Is that assumption so much of a stretch in a society dependent on female subordination? In such a society, all men are supposed to want to hurt women, to its structure apparent to all. Pornography then would have to be considered a product to accomodate men whose culture encourages them to think of rape as their natural hierarchical right but can’t bring themselves to actually enact the droit du seigneur. They are supposed to be raping, to demonstrate their rightful place in patriarchal society, and reinforce the rules of that society, but instead take the cowardly way out and merely “rape” women by consuming them in pictures or videos. These pictures and videos then stand in for all the consequently uncommitted rapes as the evidence patriarchy requires to show that it still adheres. Thus the creepy subtext of Landsburg’s article: “These women are lucky there’s Internet porn around, or else more of us would have to resort to harsher measures to show them their place.” Let’s just hope Marcotte’s right (that rape may be diminishing because patriarchy is waning and feminism has reeducated society), and that this study merely amounts to evidence of how some people strongly wish this link between rape and pornography existed, so that pornography could continue to be a proxy for the fear women are supposed to feel, but are hopefully feeling less and less (outside of places like Pakistan, that is). If the massive mountain of Internet porn is a pile of possible rapes (throw into this the frequent assumption that women are coerced, literally or economically or psychologically into appearing in pornography), then it can be lorded over women as so many cautionary tales—a gendered take on that moment in Do the Right Thing: No matter how nice the men in your life seem to be, here’s what they think about you.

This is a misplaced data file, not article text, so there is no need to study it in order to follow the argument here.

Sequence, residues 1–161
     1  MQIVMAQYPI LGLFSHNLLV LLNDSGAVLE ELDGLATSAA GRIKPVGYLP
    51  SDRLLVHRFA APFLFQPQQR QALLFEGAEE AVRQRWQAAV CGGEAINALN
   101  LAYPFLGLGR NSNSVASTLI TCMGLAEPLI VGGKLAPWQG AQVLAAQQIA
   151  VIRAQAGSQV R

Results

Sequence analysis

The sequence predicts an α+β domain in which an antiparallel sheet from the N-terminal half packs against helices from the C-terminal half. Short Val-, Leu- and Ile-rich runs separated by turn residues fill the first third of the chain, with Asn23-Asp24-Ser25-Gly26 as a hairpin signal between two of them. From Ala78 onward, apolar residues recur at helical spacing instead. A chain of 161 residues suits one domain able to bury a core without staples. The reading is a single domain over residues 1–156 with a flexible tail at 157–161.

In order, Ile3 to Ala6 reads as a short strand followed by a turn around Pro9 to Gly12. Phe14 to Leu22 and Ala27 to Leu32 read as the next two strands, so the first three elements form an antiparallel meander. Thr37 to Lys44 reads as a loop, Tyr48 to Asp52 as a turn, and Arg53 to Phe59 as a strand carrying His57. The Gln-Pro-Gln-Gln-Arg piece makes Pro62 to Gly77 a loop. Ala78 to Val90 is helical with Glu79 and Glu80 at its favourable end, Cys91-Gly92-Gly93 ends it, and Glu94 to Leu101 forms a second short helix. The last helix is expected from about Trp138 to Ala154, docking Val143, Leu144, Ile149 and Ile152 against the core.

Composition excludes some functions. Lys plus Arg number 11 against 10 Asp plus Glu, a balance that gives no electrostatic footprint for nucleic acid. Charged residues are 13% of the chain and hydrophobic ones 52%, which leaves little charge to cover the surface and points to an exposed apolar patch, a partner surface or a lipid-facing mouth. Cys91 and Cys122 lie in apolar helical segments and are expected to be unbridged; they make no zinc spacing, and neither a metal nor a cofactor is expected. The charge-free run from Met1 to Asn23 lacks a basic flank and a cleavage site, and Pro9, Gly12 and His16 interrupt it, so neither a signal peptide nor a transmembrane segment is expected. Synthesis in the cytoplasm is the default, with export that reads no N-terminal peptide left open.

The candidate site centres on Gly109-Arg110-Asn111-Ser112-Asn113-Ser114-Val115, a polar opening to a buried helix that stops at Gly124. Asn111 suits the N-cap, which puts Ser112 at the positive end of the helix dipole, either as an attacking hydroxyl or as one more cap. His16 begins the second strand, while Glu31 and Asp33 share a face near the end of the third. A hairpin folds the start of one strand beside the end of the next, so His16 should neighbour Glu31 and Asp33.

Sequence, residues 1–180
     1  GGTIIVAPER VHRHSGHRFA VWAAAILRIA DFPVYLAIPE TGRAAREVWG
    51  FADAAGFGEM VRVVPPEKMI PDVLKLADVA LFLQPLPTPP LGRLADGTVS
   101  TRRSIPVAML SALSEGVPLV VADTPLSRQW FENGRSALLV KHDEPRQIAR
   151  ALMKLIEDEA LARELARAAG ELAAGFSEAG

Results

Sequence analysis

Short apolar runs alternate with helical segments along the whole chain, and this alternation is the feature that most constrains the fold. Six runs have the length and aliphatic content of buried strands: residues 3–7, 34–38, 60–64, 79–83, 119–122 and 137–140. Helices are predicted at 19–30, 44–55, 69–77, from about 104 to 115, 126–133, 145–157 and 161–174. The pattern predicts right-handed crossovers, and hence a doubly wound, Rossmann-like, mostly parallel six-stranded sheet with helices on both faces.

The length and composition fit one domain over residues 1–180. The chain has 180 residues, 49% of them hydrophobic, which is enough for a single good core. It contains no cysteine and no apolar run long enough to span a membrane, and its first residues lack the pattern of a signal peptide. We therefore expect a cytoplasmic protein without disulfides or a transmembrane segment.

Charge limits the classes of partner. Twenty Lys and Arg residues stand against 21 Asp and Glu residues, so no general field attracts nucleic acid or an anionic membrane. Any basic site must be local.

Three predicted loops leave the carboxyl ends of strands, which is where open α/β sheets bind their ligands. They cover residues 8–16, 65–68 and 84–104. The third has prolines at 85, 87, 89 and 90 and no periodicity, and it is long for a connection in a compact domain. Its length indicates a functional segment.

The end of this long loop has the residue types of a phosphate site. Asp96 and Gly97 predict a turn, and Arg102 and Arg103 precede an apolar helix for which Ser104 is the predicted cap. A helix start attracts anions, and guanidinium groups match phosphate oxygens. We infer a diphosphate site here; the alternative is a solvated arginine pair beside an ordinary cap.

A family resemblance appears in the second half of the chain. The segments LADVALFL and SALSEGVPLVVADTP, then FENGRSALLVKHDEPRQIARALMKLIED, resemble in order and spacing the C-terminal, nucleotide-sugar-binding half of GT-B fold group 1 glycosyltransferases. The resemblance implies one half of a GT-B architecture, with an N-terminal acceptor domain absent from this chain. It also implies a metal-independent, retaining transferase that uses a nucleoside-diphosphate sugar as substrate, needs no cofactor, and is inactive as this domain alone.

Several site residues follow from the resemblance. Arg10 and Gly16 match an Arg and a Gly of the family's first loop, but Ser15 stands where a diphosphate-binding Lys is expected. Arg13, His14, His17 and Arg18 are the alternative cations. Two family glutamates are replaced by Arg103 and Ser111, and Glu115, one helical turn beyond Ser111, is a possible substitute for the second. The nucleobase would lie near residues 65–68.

Not that pornography isn’t ever a tool of oppression and exploitation, but as I’ve written before, I think pornography serrves primarily as a model for commmercializing natural experience—the leading edge in making all experience subject to mediation, packaging, impusle buying, etc.—all the hallmarks of quotidian life in consumer society. An interesting question is to what degree pornography’s position in consumer society suggests that such a society must also be patriarchal/sexist.

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Tuesday, Nov 14, 2006